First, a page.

‘Run In The Dark’ is a balmy electric rock ballad that wouldn’t have been out of place on Welsh rock band Lone Star’s debut album, before halfway merging into an English take on something of Tommy Bolin’s Private Eyes album – with added gospel harmonies.
Echoing acoustic arpeggios and a lead guitar line melody that evolves into a Midwest arena rocking cruise rocker tips its hat to both Boston and The James Gang for ‘She Really Blew My Mind’, with Collins’ sax weaving its way through.
‘Streetwise’ is another Boone co-write, with a blues rock riff that has one eye on the charts with a stomping glam rocker that Mud could’ve put out. Shifting back to US influences the rather nifty ‘This Time’ is Eagles/James Gang funk rock. Then, the dramatic, lightly gothic power chords of ‘Too Late’ give way to a bass-loaded cod reggae with rockier moments; high pitched vocals, sax and guitar mixing well on this number. Then finally, ‘Tragedy’, co-penned with Boone one last time is one for the Swedes – a brassy keyboard melody pre-empts Europe’s ‘The Final Countdown’ by four years while also playing with Abba-esque melodies elsewhere.
This last number probably sums up the problem George may have suffered during his career. Creatively ahead of the game, inspired with many an idea (and possibly too many), but without the financial recording backing to boot him up the rock league just that bit higher.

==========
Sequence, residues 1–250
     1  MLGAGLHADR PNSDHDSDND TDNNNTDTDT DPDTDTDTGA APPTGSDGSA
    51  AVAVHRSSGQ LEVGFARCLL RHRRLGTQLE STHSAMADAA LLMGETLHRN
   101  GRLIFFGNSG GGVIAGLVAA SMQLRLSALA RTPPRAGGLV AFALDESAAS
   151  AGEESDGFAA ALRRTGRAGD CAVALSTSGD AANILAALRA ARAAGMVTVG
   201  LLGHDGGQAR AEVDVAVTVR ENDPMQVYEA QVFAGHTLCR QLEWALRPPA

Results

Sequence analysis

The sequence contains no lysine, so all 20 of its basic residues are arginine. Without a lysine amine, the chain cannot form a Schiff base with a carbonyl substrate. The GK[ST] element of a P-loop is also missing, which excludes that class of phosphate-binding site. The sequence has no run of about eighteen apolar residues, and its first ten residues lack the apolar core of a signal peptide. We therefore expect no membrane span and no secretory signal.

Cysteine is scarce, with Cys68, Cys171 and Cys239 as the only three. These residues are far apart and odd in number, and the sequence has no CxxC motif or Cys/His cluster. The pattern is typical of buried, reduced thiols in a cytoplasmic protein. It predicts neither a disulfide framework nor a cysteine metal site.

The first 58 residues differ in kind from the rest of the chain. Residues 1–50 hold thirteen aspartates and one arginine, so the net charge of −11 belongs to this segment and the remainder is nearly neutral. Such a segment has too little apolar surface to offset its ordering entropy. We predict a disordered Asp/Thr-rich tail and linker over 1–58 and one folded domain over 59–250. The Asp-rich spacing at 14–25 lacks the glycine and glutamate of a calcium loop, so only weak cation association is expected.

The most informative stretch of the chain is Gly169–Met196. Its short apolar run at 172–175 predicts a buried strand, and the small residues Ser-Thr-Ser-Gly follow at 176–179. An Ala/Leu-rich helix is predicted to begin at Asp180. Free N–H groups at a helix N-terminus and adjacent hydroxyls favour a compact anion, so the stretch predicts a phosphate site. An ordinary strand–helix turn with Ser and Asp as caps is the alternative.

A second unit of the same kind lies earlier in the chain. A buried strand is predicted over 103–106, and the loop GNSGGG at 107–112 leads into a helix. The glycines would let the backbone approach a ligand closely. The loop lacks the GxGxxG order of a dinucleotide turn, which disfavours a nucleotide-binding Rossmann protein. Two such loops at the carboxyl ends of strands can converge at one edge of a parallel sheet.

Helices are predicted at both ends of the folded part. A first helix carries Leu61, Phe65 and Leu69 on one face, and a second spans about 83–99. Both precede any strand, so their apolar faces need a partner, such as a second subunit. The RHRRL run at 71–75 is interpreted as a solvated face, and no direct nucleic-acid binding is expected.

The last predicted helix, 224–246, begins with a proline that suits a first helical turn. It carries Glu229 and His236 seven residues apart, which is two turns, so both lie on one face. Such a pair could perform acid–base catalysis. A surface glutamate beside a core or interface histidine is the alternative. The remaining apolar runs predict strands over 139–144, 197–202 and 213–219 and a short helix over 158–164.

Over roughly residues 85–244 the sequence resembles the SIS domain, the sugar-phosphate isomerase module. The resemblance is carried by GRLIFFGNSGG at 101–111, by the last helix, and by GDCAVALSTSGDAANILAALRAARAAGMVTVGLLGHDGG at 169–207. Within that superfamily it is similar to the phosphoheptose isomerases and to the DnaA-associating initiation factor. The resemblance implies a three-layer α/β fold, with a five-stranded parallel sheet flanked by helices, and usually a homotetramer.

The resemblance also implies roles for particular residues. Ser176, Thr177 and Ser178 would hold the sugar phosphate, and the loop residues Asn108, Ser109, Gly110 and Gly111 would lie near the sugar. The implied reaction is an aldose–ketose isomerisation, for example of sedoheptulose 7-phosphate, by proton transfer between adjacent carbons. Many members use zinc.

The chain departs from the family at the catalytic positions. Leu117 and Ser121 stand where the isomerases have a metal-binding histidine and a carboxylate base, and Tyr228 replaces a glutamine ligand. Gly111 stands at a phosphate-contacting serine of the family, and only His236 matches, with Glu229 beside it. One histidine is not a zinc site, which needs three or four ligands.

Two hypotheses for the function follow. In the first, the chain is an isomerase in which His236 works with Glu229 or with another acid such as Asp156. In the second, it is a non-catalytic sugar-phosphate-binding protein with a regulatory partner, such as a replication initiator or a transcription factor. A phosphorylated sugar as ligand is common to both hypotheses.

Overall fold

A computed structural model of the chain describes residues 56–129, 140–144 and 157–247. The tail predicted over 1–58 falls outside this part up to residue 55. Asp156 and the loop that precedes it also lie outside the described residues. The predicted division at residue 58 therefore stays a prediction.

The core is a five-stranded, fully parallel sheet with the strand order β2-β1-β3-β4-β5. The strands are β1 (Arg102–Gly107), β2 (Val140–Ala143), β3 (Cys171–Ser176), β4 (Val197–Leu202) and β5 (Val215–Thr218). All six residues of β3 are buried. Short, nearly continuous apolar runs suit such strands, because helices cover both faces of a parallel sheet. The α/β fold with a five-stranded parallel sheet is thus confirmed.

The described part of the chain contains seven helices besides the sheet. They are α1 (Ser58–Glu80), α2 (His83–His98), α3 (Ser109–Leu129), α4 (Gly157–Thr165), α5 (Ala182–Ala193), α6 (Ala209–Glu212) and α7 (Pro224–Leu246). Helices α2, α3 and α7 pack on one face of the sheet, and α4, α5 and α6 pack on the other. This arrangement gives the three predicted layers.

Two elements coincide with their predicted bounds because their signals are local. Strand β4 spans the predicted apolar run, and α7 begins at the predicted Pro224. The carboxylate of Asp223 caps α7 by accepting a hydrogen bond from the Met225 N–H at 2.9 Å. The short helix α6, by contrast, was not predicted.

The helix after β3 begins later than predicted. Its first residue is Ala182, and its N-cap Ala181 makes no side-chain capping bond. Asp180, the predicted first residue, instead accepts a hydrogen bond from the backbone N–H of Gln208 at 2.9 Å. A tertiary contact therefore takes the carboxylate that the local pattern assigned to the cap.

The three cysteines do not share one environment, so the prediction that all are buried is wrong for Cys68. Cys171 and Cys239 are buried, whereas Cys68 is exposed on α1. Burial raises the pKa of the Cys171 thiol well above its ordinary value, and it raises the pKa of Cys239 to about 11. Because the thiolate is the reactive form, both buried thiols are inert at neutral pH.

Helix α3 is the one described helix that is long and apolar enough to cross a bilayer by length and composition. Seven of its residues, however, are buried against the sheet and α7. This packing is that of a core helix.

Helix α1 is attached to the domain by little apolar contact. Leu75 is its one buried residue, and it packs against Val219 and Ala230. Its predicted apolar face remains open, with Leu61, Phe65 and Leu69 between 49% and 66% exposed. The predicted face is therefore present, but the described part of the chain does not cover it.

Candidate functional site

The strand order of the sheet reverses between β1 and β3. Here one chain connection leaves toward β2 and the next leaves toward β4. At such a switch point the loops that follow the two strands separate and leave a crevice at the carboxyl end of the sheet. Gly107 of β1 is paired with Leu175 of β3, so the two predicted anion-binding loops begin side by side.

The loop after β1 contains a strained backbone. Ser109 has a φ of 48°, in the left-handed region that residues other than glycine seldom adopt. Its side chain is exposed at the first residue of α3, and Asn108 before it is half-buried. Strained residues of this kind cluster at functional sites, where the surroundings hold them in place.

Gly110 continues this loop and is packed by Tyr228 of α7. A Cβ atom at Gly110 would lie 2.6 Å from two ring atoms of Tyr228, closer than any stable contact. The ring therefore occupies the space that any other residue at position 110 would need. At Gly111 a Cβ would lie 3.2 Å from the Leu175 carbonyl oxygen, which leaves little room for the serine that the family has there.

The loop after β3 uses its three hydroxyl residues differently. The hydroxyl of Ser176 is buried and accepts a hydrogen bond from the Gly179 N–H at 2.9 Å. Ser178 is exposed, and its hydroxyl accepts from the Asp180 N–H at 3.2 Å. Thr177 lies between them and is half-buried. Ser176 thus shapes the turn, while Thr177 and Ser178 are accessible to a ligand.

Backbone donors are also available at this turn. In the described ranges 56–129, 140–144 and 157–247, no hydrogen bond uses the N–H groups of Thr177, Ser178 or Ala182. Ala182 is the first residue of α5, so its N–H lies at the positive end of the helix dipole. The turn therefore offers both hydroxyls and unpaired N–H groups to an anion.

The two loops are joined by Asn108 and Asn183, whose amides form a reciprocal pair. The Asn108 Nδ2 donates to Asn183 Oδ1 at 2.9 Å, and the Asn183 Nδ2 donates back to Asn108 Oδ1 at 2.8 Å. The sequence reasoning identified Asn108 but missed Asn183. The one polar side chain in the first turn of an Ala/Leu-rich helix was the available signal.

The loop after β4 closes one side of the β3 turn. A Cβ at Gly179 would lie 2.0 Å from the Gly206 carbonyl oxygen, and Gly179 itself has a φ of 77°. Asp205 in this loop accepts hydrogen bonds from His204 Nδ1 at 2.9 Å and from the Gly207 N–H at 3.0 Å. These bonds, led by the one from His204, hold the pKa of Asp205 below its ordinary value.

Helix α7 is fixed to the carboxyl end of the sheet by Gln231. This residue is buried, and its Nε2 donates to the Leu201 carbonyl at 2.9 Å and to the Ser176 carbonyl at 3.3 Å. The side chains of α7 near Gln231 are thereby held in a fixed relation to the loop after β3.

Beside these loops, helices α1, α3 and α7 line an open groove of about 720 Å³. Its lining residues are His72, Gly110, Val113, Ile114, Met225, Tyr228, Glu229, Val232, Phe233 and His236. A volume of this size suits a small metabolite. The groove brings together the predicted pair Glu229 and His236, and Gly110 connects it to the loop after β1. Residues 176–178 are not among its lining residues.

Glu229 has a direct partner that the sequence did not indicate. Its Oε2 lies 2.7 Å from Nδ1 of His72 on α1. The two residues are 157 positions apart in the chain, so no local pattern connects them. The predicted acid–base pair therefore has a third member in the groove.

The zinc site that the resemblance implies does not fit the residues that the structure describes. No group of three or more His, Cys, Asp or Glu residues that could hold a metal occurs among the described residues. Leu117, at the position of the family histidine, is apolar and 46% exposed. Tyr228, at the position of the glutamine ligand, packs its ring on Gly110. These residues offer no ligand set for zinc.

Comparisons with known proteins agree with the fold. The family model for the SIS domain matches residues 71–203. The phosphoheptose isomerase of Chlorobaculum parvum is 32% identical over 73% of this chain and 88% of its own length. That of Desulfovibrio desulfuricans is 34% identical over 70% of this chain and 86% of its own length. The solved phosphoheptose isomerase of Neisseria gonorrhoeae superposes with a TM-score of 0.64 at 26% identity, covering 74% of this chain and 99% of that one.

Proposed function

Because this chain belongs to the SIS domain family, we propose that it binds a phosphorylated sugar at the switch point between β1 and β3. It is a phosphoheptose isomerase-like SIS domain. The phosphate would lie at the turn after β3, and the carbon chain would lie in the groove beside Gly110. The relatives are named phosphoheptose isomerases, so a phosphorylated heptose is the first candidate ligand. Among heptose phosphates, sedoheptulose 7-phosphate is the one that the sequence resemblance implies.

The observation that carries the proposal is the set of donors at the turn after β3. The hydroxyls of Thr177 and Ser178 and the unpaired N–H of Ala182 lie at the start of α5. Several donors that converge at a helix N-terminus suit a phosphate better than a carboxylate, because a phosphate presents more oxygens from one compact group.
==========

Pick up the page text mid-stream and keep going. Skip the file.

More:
Talent he’s got that in spades. As a singer I’ve referenced both Marc Bolan and Tommy Bolin, and while not strong enough to carry a major band, a distinctive and able one nonetheless. Guitar wise, he can shine, I wouldn’t be surprised if Elton John Band’s Davey Johnstone had been an early influence, likewise Gary Moore around the time these tracks were recorded (seeking innovative studio sound). The songs run the whole gamut, though nothing’s truly epic enough here to make you totally go “Wow!”, often too busy; being works-in-progress.
Collections such as these are fascinating curios, where we wonder how life might’ve turned out otherwise. Had Robin George spent a year assisting Roy Thomas Baker or Trevor Horn, I’ve no doubt we’d be now be talking about them as a natural successor to them in the producer’s chair. But for a phone call we might well have seen him in Thin Lizzy, Whitesnake or Def Leppard. As it is, the Wolverhampton singer, guitarist, songwriter and producer has forged his own path, and he’s now signed a record deal with Cherry Red for his officially released albums to see re-release following this collection.
- Reviewed by Paul H Birch.
- Ace In My Hand is released via Cherry Red Records on 23rd June 2023 (available here).
- Ace In My Hand
- Castles In The Sky
- Chance Of A Lifetime
- Everybody Loves A Winner
- Get On Your Knees And Pray
- Go Down Fighting
- Home Is Where The Heart Is
- I Believed In You
- Looks Better In Daylight
- Losing You
- Lying On My Telephone
- Mona Lisa Smile
- Never Too Late
- Private Lives
- Run In The Dark
- She Plays Computer Games
- She Really Blew My Mind
- This Time
- Too Late